Merle Claunch was sitting on a stool next to a table filled with refreshments at Tupelo Hardware Co. when Joe Young, a longtime customer of the store, paid a visit.
When Young found out the food was for Claunch’s farewell reception from the store after working there 60 years, he decided to poke some fun at the honoree.
“Sixty years,” said Young, who lives near the Union community. “That’s how long we’ve had to put up with him.”
Claunch countered back: “Joe was an old man when I started working here.”
“You’ve must’ve been 12 when you started here,” Young, 76, replied. “No,” Claunch answered. “I was 17. I’m 77 now.”
The two men laughed, and then Young praised Claunch for his lengthy service and assistance to customers like himself.
“It has been a while,” Young said, to which Claunch replied, “It sure has.”
“Well, congratulations,” said Young, reaching over to shake Claunch’s hand.
Young was among a steady stream of people who offered well wishes Sept. 28 to a man who devoted six decades to one employer. They praised him for his loyalty, and Claunch was grateful for the commitment the store showed him over the years.
“I had other offers to work elsewhere, but these people were good to me,” Claunch said. “It’s a family operation and I was motivated to stay here. They afforded me a good salary. It’s been a good 60 years.”
Farm boy to salesman
Claunch went to work at Tupelo Hardware in 1949, just months after graduating from Cedar Hill School in northwest Lee County. He was hired after his second interview with store owner George H. Booth.
“I was a farm boy coming into a business,” said Claunch, taking a break from the reception in his honor to talk about his life. “I had a good education, but I wasn’t educated in business. Tupelo Hardware gave me a good education in business.”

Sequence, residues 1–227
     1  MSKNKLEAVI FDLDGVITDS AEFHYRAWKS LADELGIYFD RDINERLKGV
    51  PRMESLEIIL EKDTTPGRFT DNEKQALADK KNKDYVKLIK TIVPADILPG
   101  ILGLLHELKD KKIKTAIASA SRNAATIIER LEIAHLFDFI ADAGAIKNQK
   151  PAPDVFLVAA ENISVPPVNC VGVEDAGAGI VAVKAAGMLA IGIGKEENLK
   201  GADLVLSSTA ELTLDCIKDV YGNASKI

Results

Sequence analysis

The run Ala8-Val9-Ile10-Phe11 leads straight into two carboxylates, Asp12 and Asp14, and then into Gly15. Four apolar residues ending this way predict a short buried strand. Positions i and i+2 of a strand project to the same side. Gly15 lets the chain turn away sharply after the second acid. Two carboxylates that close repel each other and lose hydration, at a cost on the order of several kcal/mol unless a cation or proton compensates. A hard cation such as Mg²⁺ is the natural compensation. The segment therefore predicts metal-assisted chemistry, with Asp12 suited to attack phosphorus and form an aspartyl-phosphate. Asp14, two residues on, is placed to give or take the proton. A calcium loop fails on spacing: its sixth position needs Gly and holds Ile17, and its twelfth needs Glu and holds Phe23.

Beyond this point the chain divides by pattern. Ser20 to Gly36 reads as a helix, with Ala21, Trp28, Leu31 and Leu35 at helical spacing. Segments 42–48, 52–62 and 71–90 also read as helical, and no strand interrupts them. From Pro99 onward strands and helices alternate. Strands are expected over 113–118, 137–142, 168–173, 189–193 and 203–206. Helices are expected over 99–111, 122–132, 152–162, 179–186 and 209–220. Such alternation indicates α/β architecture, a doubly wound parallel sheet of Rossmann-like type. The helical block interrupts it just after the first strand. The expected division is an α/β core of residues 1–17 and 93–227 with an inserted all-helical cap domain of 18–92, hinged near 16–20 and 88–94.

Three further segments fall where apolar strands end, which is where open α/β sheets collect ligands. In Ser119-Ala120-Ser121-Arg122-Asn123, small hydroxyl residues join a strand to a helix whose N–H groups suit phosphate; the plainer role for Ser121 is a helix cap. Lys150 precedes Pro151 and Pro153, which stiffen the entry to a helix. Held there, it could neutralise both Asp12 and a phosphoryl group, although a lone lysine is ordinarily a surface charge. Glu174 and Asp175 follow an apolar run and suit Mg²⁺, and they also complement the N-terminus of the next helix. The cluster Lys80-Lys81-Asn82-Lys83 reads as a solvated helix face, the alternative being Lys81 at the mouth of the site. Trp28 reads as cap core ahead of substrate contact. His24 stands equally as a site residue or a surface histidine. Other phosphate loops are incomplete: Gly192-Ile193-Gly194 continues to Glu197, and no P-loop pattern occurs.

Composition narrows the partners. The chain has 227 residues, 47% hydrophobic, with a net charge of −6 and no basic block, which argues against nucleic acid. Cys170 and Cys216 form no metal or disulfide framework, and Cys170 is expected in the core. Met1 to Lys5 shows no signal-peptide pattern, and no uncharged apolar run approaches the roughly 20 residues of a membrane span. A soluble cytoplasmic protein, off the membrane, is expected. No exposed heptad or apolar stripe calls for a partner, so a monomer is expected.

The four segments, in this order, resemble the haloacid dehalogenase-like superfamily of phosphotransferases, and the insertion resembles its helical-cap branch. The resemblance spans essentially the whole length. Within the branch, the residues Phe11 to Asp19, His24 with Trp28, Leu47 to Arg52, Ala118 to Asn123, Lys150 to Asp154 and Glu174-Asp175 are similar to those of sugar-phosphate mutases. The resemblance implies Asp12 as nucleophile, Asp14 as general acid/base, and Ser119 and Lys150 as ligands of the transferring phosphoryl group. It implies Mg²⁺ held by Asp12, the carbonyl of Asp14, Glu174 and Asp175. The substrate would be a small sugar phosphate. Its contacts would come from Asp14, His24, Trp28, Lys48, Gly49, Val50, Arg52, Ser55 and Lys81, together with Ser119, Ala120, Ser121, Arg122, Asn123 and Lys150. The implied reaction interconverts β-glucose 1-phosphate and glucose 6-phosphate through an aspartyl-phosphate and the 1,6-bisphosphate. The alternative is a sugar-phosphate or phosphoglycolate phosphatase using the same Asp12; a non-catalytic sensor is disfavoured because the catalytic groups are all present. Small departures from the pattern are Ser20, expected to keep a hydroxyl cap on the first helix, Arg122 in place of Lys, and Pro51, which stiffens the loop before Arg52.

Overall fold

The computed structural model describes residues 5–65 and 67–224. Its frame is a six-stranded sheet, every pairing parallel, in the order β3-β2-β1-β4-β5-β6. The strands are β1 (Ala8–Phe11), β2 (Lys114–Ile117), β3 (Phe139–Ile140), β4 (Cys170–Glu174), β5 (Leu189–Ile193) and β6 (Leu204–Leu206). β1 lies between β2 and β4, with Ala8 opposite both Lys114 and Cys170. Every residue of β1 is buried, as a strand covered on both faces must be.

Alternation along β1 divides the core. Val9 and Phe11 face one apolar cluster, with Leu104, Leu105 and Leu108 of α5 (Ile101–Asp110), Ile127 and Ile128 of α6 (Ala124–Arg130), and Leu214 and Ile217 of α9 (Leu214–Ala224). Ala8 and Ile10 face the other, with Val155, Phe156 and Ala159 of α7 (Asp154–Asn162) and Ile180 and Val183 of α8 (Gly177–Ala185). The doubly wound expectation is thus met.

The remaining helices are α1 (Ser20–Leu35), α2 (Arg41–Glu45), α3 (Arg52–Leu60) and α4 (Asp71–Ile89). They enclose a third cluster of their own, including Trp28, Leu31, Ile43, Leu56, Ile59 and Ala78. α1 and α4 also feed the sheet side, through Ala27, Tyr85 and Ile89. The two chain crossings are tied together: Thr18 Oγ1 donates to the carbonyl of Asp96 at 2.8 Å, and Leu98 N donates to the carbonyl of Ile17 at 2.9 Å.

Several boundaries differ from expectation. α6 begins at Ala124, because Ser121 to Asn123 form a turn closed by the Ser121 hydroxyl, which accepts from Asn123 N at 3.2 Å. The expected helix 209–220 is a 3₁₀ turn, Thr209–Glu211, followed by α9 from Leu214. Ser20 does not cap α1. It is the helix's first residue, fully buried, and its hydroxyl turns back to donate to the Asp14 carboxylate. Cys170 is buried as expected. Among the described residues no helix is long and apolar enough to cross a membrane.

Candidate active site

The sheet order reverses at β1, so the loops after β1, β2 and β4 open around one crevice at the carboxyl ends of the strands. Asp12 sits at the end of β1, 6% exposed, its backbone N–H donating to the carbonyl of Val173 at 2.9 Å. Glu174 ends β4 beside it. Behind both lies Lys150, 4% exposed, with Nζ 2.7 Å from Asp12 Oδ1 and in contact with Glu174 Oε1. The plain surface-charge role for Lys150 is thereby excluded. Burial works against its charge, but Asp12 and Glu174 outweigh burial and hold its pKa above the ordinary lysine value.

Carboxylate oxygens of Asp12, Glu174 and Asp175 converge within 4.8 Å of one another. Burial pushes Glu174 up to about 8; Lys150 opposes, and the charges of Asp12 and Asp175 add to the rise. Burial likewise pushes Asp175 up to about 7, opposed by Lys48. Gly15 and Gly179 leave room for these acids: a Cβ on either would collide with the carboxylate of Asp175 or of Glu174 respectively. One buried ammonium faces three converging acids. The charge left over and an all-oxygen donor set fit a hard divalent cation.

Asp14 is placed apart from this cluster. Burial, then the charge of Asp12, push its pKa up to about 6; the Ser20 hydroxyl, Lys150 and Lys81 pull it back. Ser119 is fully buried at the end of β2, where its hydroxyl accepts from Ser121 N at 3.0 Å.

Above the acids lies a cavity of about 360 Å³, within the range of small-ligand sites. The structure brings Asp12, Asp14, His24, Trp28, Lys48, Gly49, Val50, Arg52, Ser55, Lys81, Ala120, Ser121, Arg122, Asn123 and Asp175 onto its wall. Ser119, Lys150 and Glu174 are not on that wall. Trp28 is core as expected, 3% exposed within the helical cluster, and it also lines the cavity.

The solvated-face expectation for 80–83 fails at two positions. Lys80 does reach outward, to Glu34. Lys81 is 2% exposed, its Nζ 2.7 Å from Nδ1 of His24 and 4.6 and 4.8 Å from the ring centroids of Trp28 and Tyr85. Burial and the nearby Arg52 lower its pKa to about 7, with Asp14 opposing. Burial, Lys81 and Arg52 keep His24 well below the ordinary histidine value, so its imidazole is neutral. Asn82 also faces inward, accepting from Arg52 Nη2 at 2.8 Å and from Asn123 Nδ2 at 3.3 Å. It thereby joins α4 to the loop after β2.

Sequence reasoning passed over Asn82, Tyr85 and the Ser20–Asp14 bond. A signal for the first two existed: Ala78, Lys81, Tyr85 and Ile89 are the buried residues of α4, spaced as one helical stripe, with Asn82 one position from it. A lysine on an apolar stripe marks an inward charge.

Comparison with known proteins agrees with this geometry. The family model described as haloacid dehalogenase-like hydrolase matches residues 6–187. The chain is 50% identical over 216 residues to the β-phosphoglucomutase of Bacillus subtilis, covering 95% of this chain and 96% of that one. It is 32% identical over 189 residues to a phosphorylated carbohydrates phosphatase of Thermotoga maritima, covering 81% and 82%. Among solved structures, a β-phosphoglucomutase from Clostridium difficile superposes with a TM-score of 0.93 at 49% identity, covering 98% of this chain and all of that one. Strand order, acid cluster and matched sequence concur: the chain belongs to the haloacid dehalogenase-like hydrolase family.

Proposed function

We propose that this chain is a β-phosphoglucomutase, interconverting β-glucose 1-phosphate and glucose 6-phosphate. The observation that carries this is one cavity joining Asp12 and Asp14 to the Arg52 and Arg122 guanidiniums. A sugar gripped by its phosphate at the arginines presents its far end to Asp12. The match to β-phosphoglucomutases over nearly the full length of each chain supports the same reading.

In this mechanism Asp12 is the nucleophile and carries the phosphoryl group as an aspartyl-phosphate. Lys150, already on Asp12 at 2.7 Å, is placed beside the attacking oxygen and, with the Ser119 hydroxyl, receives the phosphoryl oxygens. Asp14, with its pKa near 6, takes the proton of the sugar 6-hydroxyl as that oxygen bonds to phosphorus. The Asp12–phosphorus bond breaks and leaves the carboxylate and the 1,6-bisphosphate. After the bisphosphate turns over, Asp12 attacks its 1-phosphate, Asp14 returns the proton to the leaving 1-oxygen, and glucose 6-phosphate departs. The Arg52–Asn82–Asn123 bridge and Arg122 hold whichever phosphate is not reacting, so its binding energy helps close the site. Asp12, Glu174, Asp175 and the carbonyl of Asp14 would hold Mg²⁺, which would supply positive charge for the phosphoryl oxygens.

Claunch’s job at the store was on hold for three years when he served in the U.S. Air Force during the Korean Conflict. When he returned in 1954, he noticed the store and his home county were changing.
Northeast Mississippi was switching from being an agricultural region to industry. Factories were being built, and Claunch said Tupelo Hardware made the adjustment to serve the new companies.
“You could see the change coming,” he said. “Mr. Booth changed his inventory from farm products to industrial supplies. He saw the need for supplying hardware to the maintenance departments in the factories.”
Booth assigned Claunch to “go outside” as a salesman to call on the factories like Pennsylvania Tire, Rockwell and Futorian, and other hardware stores in the region. He was the store’s only salesman for 40 years.
“I would sell in a 60-mile radius of Tupelo,” Claunch said. “Putting me out there as a 22-year-old man was one of the things that gave me the incentive to stay as long as I did. I was self-motivated. I had a challenge all the time to sell.”
Claunch became a part-time employee when he turned 65 in 1997. To customers like Joe Young, Claunch remained a reliable presence at Tupelo Hardware.
Tupelo Hardware owner George H. Booth II – the grandson of the man who hired Claunch – said Claunch excelled at his work, and it enabled him to stay as long as he did.
“When people find the right niche, they just hold on,” Booth said. “It’s definitely good for our company. People come for and take advice, and the people who are able to give that enjoy being here.”
The long list of people who attended Claunch’s retirement reception included family and friends, co-workers, store customers, city and county dignitaries and representatives from factories and stores in the region.
In addition to being a hardware goods supplier, Claunch was also a buyer of lawn and garden supplies for the store. The Rotary Corp., a Georgia-based maker of outdoor power equipment parts from whom Claunch bought from, sent three people to Tupelo for Claunch’s reception.
“We had a big crowd of people,” Claunch said. “It makes me feel real good I was thought of. I enjoyed my work and I enjoyed the people.”
Contact Neighbors Editor Bobby Pepper at (662) 678-1592.
Bobby Pepper/Lee County Neighbors